Elske miste. It was sad, but it was true.
Love ( Elske ) had lain down his weapons, for he had danced — and, dance is fighting to music — the last waltz ( valsen ) that he was sure that he would. Love walked away from the ballroom, leaving an empty floor where none dared ventured. The floor ( golvet ), bare now as Love walked away from himself through both oaken doors ( eikne døra ) with sigils of companionship, shivered in its abandoned cold.
Who ( kven ) would sweep the floor with strides of caring? Who ( kven )would light the candles who ( som ) now dropped their self-made bodily tears across the dark stone ( mørke steinane)? Who would yell across the room in introduction of fair beauties?
Now, there was darkness (No, OR Nå, der var mørker ), and there was frustration. An empty howl rolled through the benighted room.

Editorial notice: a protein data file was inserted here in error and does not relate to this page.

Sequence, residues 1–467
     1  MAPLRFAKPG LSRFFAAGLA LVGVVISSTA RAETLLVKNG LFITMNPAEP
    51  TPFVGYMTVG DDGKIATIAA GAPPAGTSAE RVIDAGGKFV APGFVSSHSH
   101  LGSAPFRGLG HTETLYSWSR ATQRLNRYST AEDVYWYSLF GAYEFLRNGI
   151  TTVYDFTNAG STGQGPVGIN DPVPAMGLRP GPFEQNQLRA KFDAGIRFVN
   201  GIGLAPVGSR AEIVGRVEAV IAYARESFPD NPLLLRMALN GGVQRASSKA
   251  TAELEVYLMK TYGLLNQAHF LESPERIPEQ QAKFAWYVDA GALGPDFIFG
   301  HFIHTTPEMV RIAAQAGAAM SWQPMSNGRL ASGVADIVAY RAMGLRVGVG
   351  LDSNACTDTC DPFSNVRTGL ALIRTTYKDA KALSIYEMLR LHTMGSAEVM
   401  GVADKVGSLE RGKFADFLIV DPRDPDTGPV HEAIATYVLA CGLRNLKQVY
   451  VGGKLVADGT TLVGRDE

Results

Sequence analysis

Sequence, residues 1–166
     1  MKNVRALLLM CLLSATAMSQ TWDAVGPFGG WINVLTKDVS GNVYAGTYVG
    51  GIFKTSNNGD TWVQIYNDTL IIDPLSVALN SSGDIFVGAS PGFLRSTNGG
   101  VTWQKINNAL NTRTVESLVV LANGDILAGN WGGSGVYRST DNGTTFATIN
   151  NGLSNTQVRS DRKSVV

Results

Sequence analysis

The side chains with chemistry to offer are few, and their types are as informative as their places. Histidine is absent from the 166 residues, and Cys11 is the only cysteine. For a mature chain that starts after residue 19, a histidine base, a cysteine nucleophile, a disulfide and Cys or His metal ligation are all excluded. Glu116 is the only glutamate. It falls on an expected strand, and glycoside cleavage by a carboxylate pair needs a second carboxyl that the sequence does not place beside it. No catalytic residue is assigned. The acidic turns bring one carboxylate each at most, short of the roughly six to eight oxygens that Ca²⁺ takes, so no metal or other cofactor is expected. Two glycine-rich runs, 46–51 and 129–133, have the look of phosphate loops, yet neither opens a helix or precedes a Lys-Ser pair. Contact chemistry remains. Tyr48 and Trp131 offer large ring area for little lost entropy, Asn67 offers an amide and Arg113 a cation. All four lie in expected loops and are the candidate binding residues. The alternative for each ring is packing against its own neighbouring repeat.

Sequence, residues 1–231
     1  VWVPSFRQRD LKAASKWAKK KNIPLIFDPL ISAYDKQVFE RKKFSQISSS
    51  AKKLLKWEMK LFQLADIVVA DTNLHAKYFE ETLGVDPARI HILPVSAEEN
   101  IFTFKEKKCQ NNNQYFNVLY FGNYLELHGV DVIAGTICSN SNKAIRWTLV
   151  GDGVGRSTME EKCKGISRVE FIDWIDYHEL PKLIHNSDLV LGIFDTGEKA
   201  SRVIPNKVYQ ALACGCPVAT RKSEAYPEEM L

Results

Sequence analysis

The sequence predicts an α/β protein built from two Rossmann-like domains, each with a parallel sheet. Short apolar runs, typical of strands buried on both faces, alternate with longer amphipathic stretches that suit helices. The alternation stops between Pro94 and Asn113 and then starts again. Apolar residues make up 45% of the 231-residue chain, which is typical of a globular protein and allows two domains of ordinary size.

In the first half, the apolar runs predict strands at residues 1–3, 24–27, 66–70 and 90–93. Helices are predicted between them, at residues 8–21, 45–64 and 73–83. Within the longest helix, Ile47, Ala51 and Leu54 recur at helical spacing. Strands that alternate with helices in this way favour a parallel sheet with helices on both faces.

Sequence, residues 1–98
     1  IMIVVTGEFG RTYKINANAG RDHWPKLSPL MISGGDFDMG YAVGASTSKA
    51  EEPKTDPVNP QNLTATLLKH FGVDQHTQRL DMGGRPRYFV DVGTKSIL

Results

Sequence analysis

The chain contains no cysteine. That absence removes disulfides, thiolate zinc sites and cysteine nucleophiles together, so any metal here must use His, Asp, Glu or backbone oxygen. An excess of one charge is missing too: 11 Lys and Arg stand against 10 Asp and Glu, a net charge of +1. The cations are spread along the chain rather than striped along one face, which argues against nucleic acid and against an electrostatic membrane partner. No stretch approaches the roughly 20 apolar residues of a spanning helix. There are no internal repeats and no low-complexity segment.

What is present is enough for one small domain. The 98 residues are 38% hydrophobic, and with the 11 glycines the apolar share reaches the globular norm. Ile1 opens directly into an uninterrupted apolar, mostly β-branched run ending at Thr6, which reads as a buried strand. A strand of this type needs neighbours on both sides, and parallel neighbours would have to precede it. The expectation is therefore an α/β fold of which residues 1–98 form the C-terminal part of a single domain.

Love had left. Love had lost a room, but the room had lost all life.
Love would travel to find a new place, but the room would await Love forever. The room may wait in vain, but what else could the room do? What distance could Love put between a ballroom of liveliness, and his own shaking body?
As Love walked, he walked the Earth ( Medan gjekk Elske, hans gjekk jorda ). He walked until he found himself in front of an oaken door. It was then Love heard a shout of introduction as two doors flung open, and he was faced with himself. He would have this dance, and he would have this warmth. The floor would be swept, and the candles would cry their self-made bodily tears across the lit ( lyse ) stone who had seen so many dances that it knew that it would hold; the stone would hold; vokslys skulle gråt; Elske skulle dans igjen.*
*This was the hardest to translate. Conditional tenses are my weakness in most languages.